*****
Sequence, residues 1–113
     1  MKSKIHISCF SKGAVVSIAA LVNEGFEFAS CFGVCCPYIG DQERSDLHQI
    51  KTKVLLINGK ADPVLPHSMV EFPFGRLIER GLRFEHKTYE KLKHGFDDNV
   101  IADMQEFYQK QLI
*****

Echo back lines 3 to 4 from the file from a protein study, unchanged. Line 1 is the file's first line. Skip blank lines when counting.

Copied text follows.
    51  KTKVLLINGK ADPVLPHSMV EFPFGRLIER GLRFEHKTYE KLKHGFDDNV
   101  IADMQEFYQK QLI